Google Rivals Not Shy in Throwing 'Monopoly' Word Around

 
 
By Clint Boulton  |  Posted 2011-09-22 Email Print this article Print
 
 
 
 
 
 
 

CEOs for Yelp and NexTag, as well as the former DOJ antitrust enforcer took aim at Google at the Senate's hearing, where the word "monopoly" was used quite often to describe the search-engine giant.

Nothing catches the attention of the Senate at an antitrust hearing more than the world "monopoly," and Google's (NASDAQ:GOOG) rivals didn't miss an opportunity to drive that point home repeatedly during Congress' antitrust hearing Sept. 21.

Most who attended or watched the hearing online agreed Google Executive Chairman Eric Schmidt largely held his own. For the most part, he answered questions respectfully and appeared as forthcoming as possible.

There were some instances where he looked bad, namely when he couldn't confirm answers to some questions. Senator Al Franken (D-Minn.) properly admonished Schmidt for his fuzziness in certain answers. Yet Schmidt's candor and expertise in the industry outshone those instances.

On the second panel, Thomas Barnett, of Covington & Burling, NexTag CEO Jeffrey Katz, and Yelp CEO Jeremy Stoppelman did everything but call Google the second coming of Microsoft, which was found to be monopolistic a decade ago.

What follows is a summary of their testimonies under oath before Congress-not a summary of the question and answer sessions between them and the Senate. That's for another analysis.

Barnett, who led the Justice Department's antitrust division from 2005 to 2008 and is counsel for Expedia, spoke first for the opposition. Turning Schmidt's comment that Google "gets" what it's like to behave badly as company against company, Barnett said Google won't even admit to reality.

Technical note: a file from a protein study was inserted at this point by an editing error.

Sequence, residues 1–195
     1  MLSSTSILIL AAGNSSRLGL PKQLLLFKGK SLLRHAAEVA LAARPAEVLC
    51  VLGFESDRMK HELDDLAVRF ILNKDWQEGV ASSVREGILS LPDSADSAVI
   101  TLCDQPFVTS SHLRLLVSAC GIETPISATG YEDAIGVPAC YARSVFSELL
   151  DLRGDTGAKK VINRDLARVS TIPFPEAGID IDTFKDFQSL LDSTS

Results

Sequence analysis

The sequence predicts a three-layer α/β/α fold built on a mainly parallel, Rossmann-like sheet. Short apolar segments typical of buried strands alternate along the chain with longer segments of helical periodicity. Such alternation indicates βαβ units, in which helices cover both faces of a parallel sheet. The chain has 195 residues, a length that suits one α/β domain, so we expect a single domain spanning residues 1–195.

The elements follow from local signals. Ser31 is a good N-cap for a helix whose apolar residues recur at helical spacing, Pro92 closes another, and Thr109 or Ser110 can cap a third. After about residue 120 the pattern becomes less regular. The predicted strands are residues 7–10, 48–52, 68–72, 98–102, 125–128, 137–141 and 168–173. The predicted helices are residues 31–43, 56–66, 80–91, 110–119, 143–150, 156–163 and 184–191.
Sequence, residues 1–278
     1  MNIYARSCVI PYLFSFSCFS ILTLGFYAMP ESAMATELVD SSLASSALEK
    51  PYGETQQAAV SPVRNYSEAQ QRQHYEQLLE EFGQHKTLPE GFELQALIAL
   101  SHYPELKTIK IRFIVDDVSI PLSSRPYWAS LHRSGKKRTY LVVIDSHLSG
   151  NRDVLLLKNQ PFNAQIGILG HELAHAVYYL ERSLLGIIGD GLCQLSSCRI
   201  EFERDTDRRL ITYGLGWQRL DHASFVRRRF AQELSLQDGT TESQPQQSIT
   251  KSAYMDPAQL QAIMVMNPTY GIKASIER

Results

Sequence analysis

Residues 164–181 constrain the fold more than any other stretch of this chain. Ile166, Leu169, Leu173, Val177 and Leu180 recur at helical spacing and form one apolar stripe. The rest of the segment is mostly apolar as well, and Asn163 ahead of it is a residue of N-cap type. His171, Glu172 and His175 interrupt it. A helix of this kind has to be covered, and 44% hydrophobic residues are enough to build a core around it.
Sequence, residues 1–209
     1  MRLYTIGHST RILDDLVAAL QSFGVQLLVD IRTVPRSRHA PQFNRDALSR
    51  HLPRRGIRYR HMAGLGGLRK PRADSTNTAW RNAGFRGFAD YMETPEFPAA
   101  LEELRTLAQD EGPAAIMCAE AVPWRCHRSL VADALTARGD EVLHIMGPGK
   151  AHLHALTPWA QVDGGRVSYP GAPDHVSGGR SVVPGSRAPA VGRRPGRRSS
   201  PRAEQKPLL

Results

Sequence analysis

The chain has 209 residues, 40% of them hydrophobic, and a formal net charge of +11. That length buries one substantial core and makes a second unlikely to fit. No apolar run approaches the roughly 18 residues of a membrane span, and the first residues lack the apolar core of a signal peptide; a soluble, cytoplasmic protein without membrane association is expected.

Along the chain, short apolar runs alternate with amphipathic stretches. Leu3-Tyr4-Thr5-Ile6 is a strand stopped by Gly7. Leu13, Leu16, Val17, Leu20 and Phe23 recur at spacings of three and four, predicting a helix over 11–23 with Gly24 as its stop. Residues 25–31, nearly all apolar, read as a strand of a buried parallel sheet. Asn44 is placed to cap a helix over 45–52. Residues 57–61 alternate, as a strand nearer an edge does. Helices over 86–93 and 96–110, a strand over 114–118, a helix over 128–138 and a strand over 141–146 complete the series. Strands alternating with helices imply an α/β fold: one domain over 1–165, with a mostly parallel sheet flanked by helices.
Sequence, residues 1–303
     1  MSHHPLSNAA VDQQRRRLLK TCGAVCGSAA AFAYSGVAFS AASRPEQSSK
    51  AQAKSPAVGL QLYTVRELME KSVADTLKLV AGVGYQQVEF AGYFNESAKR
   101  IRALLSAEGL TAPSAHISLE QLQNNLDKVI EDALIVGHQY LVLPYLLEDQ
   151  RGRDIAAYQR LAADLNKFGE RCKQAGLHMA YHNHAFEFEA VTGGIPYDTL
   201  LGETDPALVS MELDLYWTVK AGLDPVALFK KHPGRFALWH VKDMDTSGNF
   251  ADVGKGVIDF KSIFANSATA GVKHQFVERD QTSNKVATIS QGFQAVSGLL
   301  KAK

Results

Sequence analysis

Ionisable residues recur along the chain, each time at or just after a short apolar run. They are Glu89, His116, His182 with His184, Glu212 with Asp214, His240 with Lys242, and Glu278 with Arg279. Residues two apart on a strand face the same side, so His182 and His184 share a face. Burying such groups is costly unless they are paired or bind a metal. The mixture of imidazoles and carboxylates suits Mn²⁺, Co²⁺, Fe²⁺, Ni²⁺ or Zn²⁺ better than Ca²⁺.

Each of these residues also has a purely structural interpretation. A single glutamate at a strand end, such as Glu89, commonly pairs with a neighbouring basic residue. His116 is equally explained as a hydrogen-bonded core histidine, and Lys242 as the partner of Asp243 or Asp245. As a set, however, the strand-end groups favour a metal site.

"Google has monopoly power in paid and search advertising. You don't have to take my word for it. You heard it. Both the Department of Justice and the Federal Trade Commission have conducted extensive investigations, and both of them, the expert agencies, reached factual determinations that show that Google has monopoly power."

Barnett explained that Google has built a search engine so good that no rival can match it. And frankly, consumers rarely leave it, as evidenced by Google's 65 percent U.S. search share, which is vastly greater in places overseas. The issue isn't so much that Google has monopoly power. Schmidt himself acknowledged in his testimony that Google plays "in that area" of monopoly. 

Where Barnett fell short was in arguing Google abuses its monopoly power, noting that there are results within Google search where it offers links that are not algorithmic that take users to its own Places local search service. Google makes money from those clicks. 

The problem is that Google does not disclose those links as non-algorithmic. What's not clear is whether the majority of those clicks lead to Google results and whether that constitutes an unfair business practice. Barnett failed to prove that.  



 
 
 
 
 
 
 
 
 
 
 

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